A recent EE Times article
covering IMEC's Luc van den Hove keynote talk at IEDM 2012 reports: "Chips made at the 14-nm process node may deliver as little as half the typical 30 percent performance increase – and still carry a hefty cost premium – due to the lack of next-generation lithography."
Van den Hove provided the following slide photo as an illustration:
Yet, in another EE Times article
about Intel’s 22nm IEDM presentation, EE Times quotes Mark Bohr of Intel as saying: "Projections from an IMEC keynote that 14-nm wafers will be 90 percent more expensive than 28-nm parts due to the lack of EUV lithography are inaccurate,"
The article also quotes Bohr as saying "The increase for 14-nm wafers at Intel is nowhere near that. Cost per wafer has always gone up marginally each generation, somewhat more so in recent generations, but that’s more than offset by increases in transistor density so that the cost per transistor continues to go down at 14nm."
So who is right between those two giants?
Could it be that both of them are?
In a recent blog titled Is the Cost Reduction Associated with Scaling Over?
we presented charts clearly supporting Luc van den Hove's (IMEC's CEO) position. The following slide from an IBM presentation includes an NVidia chart (which we also discussed in another blog, Is NVIDIA in a Panic?
If so, what about AMD? Other fabless companies? ).
Accordingly, it would seem that TSMC wafer costs are in line with Luc and so is the case with IBM.
GlobalFoundries, in its recent 14nm announcement, disclosed that the back-end will be unchanged from 20nm. This suggests a similar die size and respective increase in per-transistor cost. Further, STMicro in the Fully Depleted Transistors Technology Symposium (11 December 2012) also acknowledged that their 14nm node will have a 20nm node metal pitch and, just like GlobalFoundries, a similar die size and increase in per-transistor cost.
In other words, it seems that the Luc van den Hove keynote is in line with the cost roadmap of the non-Intel foundries!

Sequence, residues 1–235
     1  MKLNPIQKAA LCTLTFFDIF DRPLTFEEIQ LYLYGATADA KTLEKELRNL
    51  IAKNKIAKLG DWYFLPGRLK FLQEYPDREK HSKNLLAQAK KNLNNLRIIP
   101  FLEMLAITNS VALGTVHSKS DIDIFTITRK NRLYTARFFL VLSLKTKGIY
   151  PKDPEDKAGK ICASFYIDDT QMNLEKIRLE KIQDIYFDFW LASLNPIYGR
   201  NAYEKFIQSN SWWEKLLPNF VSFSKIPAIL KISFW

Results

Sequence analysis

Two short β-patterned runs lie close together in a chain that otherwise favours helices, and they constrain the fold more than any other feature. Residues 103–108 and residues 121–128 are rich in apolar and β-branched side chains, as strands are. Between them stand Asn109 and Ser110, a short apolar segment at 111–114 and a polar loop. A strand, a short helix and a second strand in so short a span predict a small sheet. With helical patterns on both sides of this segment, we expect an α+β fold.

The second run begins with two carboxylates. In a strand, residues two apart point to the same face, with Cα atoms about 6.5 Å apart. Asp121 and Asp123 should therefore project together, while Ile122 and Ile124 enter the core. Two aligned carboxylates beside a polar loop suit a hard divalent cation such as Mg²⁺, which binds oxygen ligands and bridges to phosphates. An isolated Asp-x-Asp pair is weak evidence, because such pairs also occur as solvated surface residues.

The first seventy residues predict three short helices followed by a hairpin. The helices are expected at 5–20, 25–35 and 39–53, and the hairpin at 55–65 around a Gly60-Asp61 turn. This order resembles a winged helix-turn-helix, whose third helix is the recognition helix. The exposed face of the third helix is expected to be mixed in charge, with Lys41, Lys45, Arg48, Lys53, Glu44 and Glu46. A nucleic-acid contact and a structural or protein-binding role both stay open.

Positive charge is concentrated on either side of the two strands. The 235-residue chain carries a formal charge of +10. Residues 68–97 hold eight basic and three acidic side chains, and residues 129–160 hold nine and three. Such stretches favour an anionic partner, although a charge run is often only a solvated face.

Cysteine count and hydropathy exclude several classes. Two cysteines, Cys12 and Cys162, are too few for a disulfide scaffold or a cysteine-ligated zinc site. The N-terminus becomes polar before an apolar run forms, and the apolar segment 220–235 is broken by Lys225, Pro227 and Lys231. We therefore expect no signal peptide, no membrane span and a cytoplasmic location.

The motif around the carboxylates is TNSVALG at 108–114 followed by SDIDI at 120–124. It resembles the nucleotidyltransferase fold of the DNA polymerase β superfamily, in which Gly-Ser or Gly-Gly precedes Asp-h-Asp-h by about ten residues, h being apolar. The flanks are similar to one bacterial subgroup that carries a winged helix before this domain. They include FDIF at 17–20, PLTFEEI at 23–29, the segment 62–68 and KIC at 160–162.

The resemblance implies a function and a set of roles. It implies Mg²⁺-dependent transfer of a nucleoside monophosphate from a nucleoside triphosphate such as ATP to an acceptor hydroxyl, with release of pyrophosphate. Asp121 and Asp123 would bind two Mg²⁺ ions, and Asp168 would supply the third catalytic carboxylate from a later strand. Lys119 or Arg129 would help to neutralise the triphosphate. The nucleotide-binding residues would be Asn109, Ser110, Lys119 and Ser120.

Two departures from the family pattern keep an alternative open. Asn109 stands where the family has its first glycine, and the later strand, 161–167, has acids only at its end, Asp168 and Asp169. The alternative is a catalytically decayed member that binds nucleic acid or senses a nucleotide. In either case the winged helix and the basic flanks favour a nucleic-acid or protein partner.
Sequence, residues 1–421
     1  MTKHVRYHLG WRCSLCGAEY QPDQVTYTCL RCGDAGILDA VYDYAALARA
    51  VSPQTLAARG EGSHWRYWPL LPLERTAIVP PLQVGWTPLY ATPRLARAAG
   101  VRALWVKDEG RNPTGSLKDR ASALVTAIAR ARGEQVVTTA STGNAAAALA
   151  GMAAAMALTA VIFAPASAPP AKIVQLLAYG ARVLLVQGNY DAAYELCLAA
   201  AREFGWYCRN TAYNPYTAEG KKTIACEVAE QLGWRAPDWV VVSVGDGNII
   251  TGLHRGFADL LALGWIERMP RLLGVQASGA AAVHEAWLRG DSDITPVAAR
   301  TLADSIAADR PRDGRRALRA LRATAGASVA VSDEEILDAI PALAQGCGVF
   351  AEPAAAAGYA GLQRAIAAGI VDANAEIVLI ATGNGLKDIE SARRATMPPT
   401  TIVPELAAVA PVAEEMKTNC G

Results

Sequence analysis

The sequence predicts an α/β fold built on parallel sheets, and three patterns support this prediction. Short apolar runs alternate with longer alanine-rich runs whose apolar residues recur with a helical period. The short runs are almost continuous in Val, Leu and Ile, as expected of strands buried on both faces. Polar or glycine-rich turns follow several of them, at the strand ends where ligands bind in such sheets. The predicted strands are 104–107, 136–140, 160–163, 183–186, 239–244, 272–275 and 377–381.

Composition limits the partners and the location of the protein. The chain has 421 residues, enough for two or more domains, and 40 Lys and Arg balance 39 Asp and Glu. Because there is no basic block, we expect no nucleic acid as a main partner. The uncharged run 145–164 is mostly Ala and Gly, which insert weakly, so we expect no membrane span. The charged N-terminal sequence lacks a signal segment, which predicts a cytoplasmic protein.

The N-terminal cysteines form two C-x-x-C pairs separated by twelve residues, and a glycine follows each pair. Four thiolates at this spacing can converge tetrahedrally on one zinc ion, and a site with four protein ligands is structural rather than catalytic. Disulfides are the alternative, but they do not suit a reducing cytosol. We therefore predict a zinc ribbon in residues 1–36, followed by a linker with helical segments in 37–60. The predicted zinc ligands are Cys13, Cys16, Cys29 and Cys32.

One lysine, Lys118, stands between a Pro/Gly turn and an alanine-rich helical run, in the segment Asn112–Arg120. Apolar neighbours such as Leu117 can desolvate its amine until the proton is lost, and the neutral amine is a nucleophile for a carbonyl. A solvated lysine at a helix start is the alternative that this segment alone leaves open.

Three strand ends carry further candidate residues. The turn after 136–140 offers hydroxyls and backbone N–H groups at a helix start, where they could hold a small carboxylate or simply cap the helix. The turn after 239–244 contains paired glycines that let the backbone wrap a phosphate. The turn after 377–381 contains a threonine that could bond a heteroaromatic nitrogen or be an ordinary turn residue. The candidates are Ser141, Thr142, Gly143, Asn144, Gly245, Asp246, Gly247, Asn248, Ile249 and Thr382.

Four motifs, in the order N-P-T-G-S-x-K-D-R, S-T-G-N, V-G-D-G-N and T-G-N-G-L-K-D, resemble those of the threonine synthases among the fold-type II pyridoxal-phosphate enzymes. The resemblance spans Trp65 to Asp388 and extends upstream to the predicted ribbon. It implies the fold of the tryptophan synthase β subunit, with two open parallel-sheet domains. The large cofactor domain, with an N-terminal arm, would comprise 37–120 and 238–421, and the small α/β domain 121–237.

Intel might indeed be different -- something did cause Intel to take what seems like an extreme measure, when it recently decided to invest $4.1B in ASML (Click Here
for more details).
If, however, Mark Bohr has not been misled by the Intel accounting department, and the Intel process is still providing a nice cost reduction at every node of scaling, then clearly Intel has a true competitive edge relative to all other foundries. I have no doubts that Intel has filed enough patents to protect its unique process advantage, but then I wonder why did Mark say: "However . .. we don’t intend to be in the general-purpose foundry business … [and] I don’t think the [foundry] volumes ever will be huge [for Intel]”
to see this article).
If Mark Bohr is right, then with such a competitive edge Intel should aggressively expand its foundry business, which would achieve both a great profit margin and rapid business growth. Now that Intel is looking for a new CEO, its Board should consider this as a major criterion for who should lead Intel into the future.
Finally, it is clear that dimensional scaling (and its cost reducing benefits) is not what it used to be, and the market appetite for cheaper-faster-better consumer-oriented products grows stronger. Based on this, perhaps both Intel and non-Intel fabs should start development of Monolithic 3D IC Technology
;-)About the author
Zvi Or-Bach is the founder of MonolithIC 3D Inc.
, a Finalist of the “Best of Semicon West 2011” for its monolithic 3D-IC breakthrough. Zvi was also a finalist of the EE Times 2011 and 2012 Innovator of the Year Award for his pioneering work on Monolithic 3D-ICs. Zvi can be contacted at firstname.lastname@example.org
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